After a night of recovery sleep following sleep deprivation, alpha-band activation and functional connectivity did not return to normal levels, indicating that one night of sleep recovery cannot eliminate the damage caused by 36 of sleep deprivation. In general, sleep has a recovery and organizing effect on the cortical activity of wakefulness [56, 57]. Although the sleep recovery effect was not significant in our results, the difference between RS and SD sessions was smaller than the difference between NS and SD sessions, thus confirming the homeostatic regulation of sleep to a certain extent .
The current alpha-band power spectrum results are consistent with the source localization results, which show that alpha-band power is decreased at both the scalp level and the source level after sleep deprivation. Similarly, the results of source location and functional connectivity are consistent, indicating that sleep deprivation greatly influences the DMN to which the precuneus and posterior cingulate cortex belong. Altogether, our complementary results showed that after sleep deprivation, the simultaneous decrease in cortical activation and connectivity weakened local processing and brain region cooperative processing. Based on the high coincidence of the alpha-band activation source and alpha-band functional connections of key node positions and the positive coupling of activation power and connectivity strength after sleep deprivation and recovery sleep, we cannot exclude the possibility that the alpha-band connectivities between the DMN and other brain regions may be modulated by oscillation power. This seems to be consistent with the idea that nerve synchronization influences functional integration [27, 59], indicating that power fluctuations in DMN alpha-band oscillations lead to cortical interaction changes.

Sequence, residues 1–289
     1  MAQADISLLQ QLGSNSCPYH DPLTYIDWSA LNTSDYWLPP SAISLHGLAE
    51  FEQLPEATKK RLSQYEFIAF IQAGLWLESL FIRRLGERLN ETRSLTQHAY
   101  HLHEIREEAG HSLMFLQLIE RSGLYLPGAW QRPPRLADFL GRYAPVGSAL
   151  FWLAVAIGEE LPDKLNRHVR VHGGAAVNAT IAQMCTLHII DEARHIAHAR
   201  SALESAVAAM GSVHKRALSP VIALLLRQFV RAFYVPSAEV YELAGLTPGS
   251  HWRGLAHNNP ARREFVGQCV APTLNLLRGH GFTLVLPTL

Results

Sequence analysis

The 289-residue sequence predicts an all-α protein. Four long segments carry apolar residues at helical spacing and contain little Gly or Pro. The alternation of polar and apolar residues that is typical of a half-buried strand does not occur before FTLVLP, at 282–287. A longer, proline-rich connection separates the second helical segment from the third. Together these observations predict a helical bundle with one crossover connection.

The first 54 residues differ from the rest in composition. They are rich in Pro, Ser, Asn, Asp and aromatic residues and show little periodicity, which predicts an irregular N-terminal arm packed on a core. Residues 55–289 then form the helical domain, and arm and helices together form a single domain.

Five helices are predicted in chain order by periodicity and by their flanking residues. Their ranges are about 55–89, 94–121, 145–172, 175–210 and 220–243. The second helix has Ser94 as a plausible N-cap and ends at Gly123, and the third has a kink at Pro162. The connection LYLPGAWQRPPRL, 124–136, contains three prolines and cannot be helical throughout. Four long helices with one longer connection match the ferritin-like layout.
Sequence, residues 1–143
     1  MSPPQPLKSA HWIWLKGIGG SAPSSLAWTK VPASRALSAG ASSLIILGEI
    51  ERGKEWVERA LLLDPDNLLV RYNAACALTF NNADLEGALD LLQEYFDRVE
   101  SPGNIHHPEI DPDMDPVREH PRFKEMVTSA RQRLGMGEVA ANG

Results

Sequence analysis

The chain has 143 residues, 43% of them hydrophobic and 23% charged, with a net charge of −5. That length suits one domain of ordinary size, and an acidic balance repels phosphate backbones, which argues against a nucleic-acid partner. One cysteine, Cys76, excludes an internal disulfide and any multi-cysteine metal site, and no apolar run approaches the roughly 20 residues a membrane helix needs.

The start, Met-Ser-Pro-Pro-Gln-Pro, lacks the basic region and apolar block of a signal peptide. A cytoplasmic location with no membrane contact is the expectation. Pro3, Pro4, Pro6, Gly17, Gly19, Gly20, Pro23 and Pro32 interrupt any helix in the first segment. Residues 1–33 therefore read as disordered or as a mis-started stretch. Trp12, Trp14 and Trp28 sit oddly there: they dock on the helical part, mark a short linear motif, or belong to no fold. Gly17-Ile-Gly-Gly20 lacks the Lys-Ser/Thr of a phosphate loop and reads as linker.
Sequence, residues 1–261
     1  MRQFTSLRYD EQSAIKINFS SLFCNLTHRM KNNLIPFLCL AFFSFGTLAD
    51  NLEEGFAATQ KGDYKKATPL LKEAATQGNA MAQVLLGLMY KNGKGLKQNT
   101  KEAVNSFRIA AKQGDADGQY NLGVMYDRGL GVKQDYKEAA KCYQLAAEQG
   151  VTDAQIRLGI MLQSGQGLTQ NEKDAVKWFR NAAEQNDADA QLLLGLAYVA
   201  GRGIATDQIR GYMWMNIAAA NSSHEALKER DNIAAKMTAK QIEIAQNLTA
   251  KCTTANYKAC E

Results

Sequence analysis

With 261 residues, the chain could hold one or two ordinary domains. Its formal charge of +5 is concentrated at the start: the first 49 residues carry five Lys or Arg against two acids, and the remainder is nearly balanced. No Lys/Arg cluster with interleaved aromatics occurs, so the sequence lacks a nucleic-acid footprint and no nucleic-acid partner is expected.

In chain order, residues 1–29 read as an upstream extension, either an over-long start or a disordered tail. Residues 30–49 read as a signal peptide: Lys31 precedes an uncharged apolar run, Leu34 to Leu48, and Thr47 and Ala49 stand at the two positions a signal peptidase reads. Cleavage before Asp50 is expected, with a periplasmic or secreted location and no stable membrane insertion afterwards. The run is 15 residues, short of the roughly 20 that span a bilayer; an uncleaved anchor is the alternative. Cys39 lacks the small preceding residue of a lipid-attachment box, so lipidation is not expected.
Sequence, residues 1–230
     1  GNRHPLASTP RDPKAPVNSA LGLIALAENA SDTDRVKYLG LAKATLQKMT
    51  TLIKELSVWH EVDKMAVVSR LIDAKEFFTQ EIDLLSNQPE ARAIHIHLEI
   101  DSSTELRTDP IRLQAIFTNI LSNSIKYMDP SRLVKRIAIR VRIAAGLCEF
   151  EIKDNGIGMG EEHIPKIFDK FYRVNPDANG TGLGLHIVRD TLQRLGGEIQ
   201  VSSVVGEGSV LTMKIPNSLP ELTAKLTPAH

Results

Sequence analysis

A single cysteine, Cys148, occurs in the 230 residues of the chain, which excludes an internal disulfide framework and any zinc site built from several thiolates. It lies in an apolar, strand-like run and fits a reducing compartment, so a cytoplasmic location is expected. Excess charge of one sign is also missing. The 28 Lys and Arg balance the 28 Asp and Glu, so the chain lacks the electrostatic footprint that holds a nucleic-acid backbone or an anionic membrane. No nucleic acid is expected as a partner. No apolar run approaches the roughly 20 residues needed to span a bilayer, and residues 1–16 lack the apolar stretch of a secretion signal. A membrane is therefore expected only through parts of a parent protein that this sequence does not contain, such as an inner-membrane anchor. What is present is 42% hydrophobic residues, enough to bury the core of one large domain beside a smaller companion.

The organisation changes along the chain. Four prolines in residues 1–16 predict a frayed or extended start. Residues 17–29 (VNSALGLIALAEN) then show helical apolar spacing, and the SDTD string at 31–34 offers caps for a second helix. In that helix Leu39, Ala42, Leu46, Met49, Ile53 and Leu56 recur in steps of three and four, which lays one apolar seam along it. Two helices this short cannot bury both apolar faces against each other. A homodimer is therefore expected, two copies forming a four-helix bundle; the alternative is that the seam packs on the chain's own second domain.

Notably, there are several limitations to this study. First, no control group was set up to eliminate the possible influence of circadian rhythm changes on EEG recordings. The three EEG acquisition sessions in this study did not occur at the same time of day, and EEG data may be potentially affected by participants’ circadian rhythms. Fortunately, studies have confirmed that EEG changes caused by are hardly affected by circadian rhythms [60, 61]. Second, the spatial resolution of the source localization and connectivity analysis was not very high. The spatial resolution of EEG sources increases with the number of electrodes, so high electrode density recording is more reliable in EEG rhythm source analysis. The use of a standard MRI template instead of individual MRIs for source localization further decreases the possible spatial resolution. Third, all of our subjects were men, so the results should be extrapolated to women with some caution. Fourth , the current study examined only EEG changes in the alpha band caused by sleep deprivation and recovery sleep, while possible changes in other frequency bands were not taken into account.